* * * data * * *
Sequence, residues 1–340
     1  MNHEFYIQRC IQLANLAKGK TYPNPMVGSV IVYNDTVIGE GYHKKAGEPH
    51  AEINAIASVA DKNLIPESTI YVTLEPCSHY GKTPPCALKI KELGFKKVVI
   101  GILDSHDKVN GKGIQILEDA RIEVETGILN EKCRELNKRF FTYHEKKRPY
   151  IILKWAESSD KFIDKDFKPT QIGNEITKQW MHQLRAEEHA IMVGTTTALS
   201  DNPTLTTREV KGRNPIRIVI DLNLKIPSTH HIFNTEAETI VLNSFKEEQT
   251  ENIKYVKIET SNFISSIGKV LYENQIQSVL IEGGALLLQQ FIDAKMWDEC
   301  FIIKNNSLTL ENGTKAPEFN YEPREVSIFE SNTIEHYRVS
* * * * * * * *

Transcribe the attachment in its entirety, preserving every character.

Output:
Sequence, residues 1–340
     1  MNHEFYIQRC IQLANLAKGK TYPNPMVGSV IVYNDTVIGE GYHKKAGEPH
    51  AEINAIASVA DKNLIPESTI YVTLEPCSHY GKTPPCALKI KELGFKKVVI
   101  GILDSHDKVN GKGIQILEDA RIEVETGILN EKCRELNKRF FTYHEKKRPY
   151  IILKWAESSD KFIDKDFKPT QIGNEITKQW MHQLRAEEHA IMVGTTTALS
   201  DNPTLTTREV KGRNPIRIVI DLNLKIPSTH HIFNTEAETI VLNSFKEEQT
   251  ENIKYVKIET SNFISSIGKV LYENQIQSVL IEGGALLLQQ FIDAKMWDEC
   301  FIIKNNSLTL ENGTKAPEFN YEPREVSIFE SNTIEHYRVS